Graham-Cumming: Trying hard to protect against these things, yes absolutely. It's very interesting because you mentioned before how rapidly Cloudflare had grown over the last few years. And of course Sun also really got going pretty rapidly, didn’t it?
Gage: Well, yes. The first year we were just some students from Berkeley, hardware from Stanford, Andy Bechtolsheim, software from Berkeley, Berkeley Unix BSD, Bill Joy. Combine the two, and 10 of us or so, and we were, I think the first year was 12 million booked, the second year was 50 or 60 million booked, and the third year was 150 or so million booked and then we hit 500 million and then we hit a billion. And now, it’s selling boxes, we were a manufacturing company so that’s different from software or services, but we also needed lots of people and so we instantly raided the immense benefit of variety of people in the San Francisco Bay Area, with Berkeley and Stanford. We had students in computer science, and mechanical engineering, and physics, and mathematics from every country in the world and we recruited from every country in the world. So a great part of Sun’s growth came, as you are, expanding internationally, and at one point I think we ran most of the telcos of the world, we ran China Mobile. 900 million subscribers on China Mobile, all Sun stuff in the back. Throughout Africa, every telco was running Sun and Cisco until Huawei knocked Cisco out. It was an amazing time.
Graham-Cumming: You ran the machine that ran LaTeX, that let me get my doctoral thesis done.
Gage: You know that’s how I got into it, actually. I was in econometrics and mathematics at Berkeley, and I walk down a hallway and outside a room was that funny smell from photographic paper from something, and there was perfectly typeset mathematics. Troff and nroff, all those old UNIX utilities for the Bell Technical Journal, and I open the door and I’ve got to get in there. There’s two hundred people sitting in front of these beehive-like little terminals all typing away on a UNIX system. And I want to get an account and I walk down the hall and there's this skinny guy who types about 200 words a minute named Bill Joy. And I said, I need an account, I’ve got to type set integral signs, and he said, what’s your name. I tell him my name, John Gage, and he goes voop, and I’ve never seen anybody type as fast as him in my life. This is a new world, here.
Graham-Cumming: So he was rude then?
Gage: Yeah he was, he was. Well, it’s interesting since the arrival of a device at Berkeley to complement the arrival of an MIT professor who had implemented in LISP, mathematical, not typesetting of mathematics, but actual Macsyma. To get Professor Fateman, Macsyma god from MIT, to come to Berkeley and live a UNIX environment, we had to put a LISP up outside on the PDP. So Bill took that machine which had virtual memory and implemented the environment for significant computational mathematics. And Steve Wolfram took that CalTech, and Princeton Institute for Advanced Studies, and now we have Mathematica. So in a way, all of Sun and the UNIX world derived from attempting to do executable mathematics.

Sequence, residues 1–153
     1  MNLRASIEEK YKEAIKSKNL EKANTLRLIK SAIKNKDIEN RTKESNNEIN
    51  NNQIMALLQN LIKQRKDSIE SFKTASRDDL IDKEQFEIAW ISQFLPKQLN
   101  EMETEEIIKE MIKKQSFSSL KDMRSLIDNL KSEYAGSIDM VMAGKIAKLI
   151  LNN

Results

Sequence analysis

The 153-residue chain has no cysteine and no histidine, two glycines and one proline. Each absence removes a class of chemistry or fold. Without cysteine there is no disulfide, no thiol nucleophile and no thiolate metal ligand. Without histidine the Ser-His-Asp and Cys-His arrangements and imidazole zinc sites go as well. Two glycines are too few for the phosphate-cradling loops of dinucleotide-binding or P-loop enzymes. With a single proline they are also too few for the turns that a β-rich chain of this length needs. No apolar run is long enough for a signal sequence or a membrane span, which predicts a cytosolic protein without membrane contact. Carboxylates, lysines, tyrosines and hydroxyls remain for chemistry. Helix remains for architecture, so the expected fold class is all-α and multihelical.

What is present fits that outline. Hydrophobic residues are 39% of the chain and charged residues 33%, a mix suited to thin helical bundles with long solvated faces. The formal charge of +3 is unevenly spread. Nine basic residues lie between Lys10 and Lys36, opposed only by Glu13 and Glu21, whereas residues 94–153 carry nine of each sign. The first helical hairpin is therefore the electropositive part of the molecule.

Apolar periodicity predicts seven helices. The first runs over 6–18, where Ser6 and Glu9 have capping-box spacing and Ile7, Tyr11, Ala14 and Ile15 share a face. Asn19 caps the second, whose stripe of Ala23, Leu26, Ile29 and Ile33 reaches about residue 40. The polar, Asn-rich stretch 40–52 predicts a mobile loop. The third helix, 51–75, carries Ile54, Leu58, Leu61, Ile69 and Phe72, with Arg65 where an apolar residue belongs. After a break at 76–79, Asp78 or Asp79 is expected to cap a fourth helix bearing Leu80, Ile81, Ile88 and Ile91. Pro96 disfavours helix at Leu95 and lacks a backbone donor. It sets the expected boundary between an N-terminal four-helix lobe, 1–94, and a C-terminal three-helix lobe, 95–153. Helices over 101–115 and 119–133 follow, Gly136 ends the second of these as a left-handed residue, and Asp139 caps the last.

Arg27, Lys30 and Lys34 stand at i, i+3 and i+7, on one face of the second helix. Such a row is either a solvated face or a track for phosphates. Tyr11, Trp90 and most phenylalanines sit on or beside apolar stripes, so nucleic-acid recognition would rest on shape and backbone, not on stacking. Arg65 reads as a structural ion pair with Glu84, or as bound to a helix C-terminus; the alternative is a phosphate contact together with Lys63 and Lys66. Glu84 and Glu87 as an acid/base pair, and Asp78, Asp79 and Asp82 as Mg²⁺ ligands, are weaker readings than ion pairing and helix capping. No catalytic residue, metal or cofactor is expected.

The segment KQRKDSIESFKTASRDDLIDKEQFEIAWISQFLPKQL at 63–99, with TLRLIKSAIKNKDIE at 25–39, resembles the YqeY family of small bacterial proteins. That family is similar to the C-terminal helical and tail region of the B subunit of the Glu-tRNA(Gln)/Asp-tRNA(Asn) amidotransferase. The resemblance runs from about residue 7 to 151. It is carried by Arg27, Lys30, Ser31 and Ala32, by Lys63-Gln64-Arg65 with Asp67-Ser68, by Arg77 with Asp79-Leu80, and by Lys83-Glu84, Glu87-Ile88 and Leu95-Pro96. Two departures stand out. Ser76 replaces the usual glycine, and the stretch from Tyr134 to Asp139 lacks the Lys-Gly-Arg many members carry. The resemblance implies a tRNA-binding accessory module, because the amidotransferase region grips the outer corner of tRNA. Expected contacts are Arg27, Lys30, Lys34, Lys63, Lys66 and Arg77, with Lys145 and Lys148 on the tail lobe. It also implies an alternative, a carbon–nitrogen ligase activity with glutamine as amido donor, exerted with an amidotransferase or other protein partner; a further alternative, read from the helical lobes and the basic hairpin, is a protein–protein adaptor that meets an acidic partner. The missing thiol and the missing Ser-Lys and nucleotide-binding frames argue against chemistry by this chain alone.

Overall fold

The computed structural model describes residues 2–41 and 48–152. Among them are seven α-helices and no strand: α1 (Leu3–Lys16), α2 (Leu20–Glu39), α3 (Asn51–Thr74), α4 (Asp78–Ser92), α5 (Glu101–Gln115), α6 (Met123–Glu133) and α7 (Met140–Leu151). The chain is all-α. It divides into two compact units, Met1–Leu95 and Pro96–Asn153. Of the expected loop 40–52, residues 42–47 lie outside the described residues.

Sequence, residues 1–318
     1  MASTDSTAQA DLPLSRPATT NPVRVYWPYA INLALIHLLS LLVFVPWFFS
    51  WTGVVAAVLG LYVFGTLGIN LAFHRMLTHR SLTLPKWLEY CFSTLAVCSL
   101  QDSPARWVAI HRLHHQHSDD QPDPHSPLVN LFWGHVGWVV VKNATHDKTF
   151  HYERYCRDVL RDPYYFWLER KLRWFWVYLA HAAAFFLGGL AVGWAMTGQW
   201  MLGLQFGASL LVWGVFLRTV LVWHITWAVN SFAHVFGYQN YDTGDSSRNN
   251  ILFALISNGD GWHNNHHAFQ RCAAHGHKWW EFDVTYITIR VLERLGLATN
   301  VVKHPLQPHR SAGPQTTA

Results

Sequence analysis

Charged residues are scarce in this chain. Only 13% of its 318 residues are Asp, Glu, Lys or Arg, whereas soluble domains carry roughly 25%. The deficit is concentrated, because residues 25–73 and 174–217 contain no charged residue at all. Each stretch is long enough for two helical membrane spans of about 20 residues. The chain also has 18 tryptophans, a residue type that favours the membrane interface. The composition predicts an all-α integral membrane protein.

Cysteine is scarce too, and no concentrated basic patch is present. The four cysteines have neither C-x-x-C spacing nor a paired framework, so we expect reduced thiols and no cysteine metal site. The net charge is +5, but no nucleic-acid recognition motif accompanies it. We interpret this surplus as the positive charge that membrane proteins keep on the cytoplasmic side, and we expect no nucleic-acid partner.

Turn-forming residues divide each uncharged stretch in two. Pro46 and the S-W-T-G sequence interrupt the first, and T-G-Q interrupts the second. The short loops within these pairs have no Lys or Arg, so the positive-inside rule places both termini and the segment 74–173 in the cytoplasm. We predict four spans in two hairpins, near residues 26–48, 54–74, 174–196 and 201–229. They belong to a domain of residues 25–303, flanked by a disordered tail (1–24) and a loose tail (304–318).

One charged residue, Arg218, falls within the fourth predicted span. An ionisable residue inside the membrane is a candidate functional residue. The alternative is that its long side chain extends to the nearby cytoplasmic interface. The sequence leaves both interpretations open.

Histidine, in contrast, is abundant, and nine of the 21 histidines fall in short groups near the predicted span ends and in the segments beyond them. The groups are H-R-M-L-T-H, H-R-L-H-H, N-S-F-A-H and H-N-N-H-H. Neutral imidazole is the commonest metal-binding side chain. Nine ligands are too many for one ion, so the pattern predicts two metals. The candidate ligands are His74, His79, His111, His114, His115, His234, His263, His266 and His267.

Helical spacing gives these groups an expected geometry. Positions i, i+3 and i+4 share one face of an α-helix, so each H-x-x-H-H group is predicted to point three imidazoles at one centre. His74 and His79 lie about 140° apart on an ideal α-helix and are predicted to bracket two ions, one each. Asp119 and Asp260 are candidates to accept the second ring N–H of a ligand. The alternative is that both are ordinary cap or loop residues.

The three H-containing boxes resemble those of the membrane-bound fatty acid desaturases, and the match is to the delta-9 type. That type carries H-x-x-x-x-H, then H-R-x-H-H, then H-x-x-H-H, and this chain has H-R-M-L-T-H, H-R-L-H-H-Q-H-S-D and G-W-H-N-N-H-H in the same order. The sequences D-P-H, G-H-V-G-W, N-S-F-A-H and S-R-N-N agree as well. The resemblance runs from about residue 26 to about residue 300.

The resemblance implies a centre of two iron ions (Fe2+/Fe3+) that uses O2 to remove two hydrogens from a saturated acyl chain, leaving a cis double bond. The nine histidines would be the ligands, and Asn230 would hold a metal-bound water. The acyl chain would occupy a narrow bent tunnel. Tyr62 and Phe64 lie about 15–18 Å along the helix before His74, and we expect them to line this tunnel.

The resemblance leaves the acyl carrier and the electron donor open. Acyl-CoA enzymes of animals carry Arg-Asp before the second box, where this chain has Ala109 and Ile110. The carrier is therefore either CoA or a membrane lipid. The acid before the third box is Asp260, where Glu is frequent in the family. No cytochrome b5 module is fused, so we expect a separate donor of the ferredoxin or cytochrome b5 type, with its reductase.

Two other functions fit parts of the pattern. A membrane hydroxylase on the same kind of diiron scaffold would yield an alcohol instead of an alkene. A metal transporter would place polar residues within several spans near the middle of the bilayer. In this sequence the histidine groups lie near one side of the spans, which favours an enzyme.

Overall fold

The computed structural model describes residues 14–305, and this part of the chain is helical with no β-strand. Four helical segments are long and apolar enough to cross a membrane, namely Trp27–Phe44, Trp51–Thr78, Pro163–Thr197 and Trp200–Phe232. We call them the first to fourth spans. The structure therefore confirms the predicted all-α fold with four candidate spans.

Graham-Cumming: Which in some ways is what computers are doing. I think one of the things that people don’t really appreciate is the extent to which all numbers underneath.
Gage: Well that’s just this discrete versus continuous problem that Michael Jordan is attempting to address. To my current total puzzlement and complete ignorance, is what in the world is symplectic integration? And how do Lyapunov functions work? Oh, no clue.
Graham-Cumming: Are we going to do a second podcast on that? Are you going to come back and teach us?
Gage: Try it. We’re on, you’re on, you’re on. Absolutely. But you’ve got to run a company.
Graham-Cumming: Well I've got some things to do. Yeah. But you can go do that and come tell us about it.
Gage: All right, Great John. Well it was terrific to talk to you.
Graham-Cumming: So yes it was wonderful speaking to you as well. Thank you for helping me dig up memories of when I was first fooling around with Sun Systems and, you know, some of the early days and of course “The Network is the Computer,” I'm not sure I fully yet understand quite the metaphor or even if maybe I do somehow deeply in my soul get it, but we’re going to try and make it a reality, whatever it is.
Gage: Well, I count it as a complete success, because you count as one of our successes because you‘re doing what you’re doing, therefore the phrase, “The Network is the Computer,” resides in your brain and when you get up in the morning and decide what to do, a little bit nudges you toward making the network work.
Graham-Cumming: I think that's probably true. And there's the dog, the dog is saying you've been yakking for an hour and now we better stop. So listen, thank you so much for taking the time. It was wonderful talking to you. You have a good day. Thank you very much.
Interested in hearing more? Listen to my conversations with Ray Rothrock and Greg Papadopoulos of Sun Microsystems:
To learn more about Cloudflare Workers, check out the use cases below:
- Optimizely - Optimizely chose Workers when updating their experimentation platform to provide faster responses from the edge and support more experiments for their customers.
- Cordial - Cordial used a “stable of Workers” to do custom Black Friday load shedding as well as using it as a serverless platform for building scalable customer-facing services.
- AO.com - AO.com used Workers to avoid significant code changes to their underlying platform when migrating from a legacy provider to a modern cloud backend.
- Pwned Passwords - Troy Hunt’s popular "Have I Been Pwned" project benefits from cache hit ratios of 94% on its Pwned Passwords API due to Workers.
- Timely - Using Workers and Workers KV, Timely was able to safely migrate application endpoints using simple value updates to a distributed key-value store.
- Quintype - Quintype was an eager adopter of Workers to cache content they previously considered un-cacheable and improve the user experience of their publishing platform.